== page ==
Home

Visiting Dzongkar Choede Monastery

Leave a comment

If you’ve been keeping up with our tales, you’ll know that we had already been to Karanataka during Diwali to stay in Hampi for a week. This time, we travelled 420km further South from Hampi to Mysore.

Map of Karnataka

Map of Karnataka

When Dunc was in India in 2005, as well as volunteering at Deep Griha’s City of Child project, he spent some time living in a Tibetan Refugee Settlement, teaching English to young Buddhist monks. The trip out to the school was do-able in a day from where we were staying in Mysore, so we caught the bus from the station in Mysore out to Hundsur, and then jumped in a rickshaw out to the Dzongkar Choede Monastery.

We couldn’t have been greeted any more warmly by the monks who had previously been Dunc’s hosts. After a mammoth Tibetan lunch, we were given a tour of the settlement and not least of all, their monastery. What a building! As well as providing the residents of Dzongkar Choede with a peaceful place to pray, members of the surrounding Tibetan settlement, and from other Buddhist communities are  also welcome to come and pray.

Dzongkar Chode Monastery

Dzongkar Chode Monastery

The school classrooms, cottages for the boys to live, and an insence ‘factory’ are also in the grounds.

The young  monks studying hard!

The young monks studying hard!

With some of the monks Dunc worked with in 2005

With some of the monks Dunc worked with in 2005

Making incense sticks

Making incense sticks

For me, it was quite surreal to suddenly be somewhere that seemed a million miles from India, but actually still right in the middle of the country. We were soon brought back to Indian reality when we caught a shared jeep back to Hundsur bus station – Dunc was hanging off the back of the jeep with about 10 kids, and I was squished in the back with a crowd of giggling school girls! Although Mysore is quite a busy tourist city, Hundsur is a very small and rural village, so white people (and a ginger, no less!) were quite a novelty! We didn’t mind though, I’d now learnt that the best way to deal with India was to embrace it, and all it’s oddities!

On returning to Mysore, we planned a trip to nearby tiger reserve, Nagarhole National Park. Unfortunately there’s not much to tell from this trip as the tigers were nowhere to be seen 😦 I’ve just recently found out that there is a fantastic Tiger Temple in Thailand so I guess I’ll just have to go there next!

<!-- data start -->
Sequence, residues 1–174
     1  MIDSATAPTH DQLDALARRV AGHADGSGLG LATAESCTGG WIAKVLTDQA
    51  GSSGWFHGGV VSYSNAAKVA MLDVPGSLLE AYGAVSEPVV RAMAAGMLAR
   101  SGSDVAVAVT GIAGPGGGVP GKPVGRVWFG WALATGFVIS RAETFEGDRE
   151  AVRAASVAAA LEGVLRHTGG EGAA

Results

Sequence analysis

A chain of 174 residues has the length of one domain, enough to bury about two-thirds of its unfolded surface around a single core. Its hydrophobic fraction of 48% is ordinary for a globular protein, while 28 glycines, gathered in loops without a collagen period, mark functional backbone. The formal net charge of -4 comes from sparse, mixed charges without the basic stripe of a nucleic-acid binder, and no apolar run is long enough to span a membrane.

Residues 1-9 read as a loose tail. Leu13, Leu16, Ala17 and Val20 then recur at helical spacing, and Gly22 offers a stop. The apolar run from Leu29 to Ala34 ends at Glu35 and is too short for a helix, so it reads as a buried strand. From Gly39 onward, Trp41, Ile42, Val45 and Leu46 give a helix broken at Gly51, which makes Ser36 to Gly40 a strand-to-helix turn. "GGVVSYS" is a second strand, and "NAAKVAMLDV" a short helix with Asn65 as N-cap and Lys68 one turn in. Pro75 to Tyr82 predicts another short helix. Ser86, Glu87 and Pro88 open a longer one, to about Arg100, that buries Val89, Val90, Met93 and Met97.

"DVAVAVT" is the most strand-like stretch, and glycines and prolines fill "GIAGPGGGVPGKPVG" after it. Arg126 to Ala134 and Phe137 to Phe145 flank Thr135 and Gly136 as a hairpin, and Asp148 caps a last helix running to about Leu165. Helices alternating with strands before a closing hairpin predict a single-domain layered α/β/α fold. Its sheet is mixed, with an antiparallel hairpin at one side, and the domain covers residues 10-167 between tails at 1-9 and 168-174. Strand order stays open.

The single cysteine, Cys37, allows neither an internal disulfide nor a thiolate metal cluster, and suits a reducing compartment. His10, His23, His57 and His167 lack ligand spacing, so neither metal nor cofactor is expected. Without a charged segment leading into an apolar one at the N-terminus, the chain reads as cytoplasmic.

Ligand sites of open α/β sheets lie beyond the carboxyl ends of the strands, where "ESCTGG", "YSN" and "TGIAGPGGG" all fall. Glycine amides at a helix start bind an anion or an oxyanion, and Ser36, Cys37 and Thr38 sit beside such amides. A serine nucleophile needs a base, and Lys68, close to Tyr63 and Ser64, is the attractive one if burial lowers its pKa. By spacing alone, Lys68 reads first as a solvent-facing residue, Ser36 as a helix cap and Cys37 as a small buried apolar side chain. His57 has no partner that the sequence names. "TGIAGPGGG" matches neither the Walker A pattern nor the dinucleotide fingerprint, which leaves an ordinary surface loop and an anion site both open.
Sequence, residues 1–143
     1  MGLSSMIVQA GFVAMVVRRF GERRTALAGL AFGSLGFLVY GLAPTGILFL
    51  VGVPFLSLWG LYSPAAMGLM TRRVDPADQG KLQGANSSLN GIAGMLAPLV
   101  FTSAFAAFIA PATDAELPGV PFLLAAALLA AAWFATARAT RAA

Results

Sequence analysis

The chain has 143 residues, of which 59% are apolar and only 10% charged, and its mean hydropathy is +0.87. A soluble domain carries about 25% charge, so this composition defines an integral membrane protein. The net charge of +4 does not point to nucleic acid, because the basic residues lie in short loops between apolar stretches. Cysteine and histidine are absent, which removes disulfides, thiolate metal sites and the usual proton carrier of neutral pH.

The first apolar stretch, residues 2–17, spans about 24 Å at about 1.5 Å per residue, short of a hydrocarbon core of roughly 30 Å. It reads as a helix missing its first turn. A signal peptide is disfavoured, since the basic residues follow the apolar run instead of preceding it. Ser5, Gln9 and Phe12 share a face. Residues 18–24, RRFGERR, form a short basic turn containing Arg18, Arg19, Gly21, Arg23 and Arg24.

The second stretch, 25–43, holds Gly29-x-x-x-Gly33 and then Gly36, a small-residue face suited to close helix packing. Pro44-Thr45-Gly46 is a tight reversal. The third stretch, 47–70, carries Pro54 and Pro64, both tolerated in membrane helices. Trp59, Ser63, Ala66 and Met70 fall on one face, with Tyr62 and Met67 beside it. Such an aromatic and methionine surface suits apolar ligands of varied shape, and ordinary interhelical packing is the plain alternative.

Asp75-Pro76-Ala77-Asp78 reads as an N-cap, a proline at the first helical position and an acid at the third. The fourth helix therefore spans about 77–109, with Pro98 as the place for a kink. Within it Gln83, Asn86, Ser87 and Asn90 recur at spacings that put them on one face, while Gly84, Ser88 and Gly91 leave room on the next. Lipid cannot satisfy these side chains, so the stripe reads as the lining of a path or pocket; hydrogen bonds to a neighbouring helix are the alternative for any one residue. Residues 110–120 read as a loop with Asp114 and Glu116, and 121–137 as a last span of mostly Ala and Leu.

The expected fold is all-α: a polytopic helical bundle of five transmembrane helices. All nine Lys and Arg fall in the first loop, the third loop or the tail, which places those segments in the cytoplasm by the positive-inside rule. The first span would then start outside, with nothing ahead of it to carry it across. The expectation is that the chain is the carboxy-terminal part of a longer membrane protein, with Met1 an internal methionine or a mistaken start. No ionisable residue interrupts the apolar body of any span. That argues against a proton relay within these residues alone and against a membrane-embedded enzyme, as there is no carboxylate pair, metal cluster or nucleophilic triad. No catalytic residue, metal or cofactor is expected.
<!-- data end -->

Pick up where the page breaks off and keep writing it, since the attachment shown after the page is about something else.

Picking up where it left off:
Elephants at Nagarhole

Elephants at Nagarhole, but no Tigers

Advertisements

Learning to Survive India

Leave a comment

After saying goodbye to our volunteer pals in Pune, we were back on the road. Next stop: Mysore.

Our 4-month trip was split into 3 distinct parts (travel, volunteer, travel), and now that we were on the home straight, I definitely felt much more comfortable. I’m not sure if it’s because everything was so new to me in the beginning; or if the hustle and bustle of Pune city life was too much; or because I suddenly found myself living and working with a whole crowd of volunteers I’d never met before (or maybe all of the above?), but now that we were back on the road I almost instinctively found the flow of India and was able to relax.

We stayed in a large family-run hotel, Hotel Dasaprakash, but always ate out in a different cafe or restaurant to get another view of the city. Our favourite was this little place over-looking Ghandi Square where we had our first poppadoms (locally called ‘papads’) since arriving in India! I think this was the rooftop restaurant of RRR Hotel:

Restaurant overlooking Ghandi Square

Restaurant overlooking Ghandi Square. Dunc still sporting his 'tache from Movember!

Ganhdi looks over his Square

Ganhdi looks over his Square

Mysore itself is a really great city, with a good mix of tourist spots, traditional culture, and modern amenities. The market place within the walls of the city centre is a hidden treasure. It’s perfectly visible on a map, but takes a bit of detective and orienteering skills to find the hole-in-the-wall that lets you in. The market is a packed full of vegetable stalls, bags and bags of spices, perfume shops, jewellers and antiques stores. The craft store pictured below is a family-run business that’s been standing for over 100 years, so of course we had to pick up a few gifts from the kind owner who told us all about it’s history.

The nearby Mysore Palace is well worth a visit, if only for the free audio tour for foreign visitors! Tourists never get freebies in India! 🙂 The Palace is huge, with beautifully restored paintings and furniture inside and iron tiger statues outside. We also discovered that one of the architects was actually from Glasgow!

Mysore Palace

Mysore Palace

Perfume store in the market

Perfume store in the market

Craft shop in the market

Craft shop in the market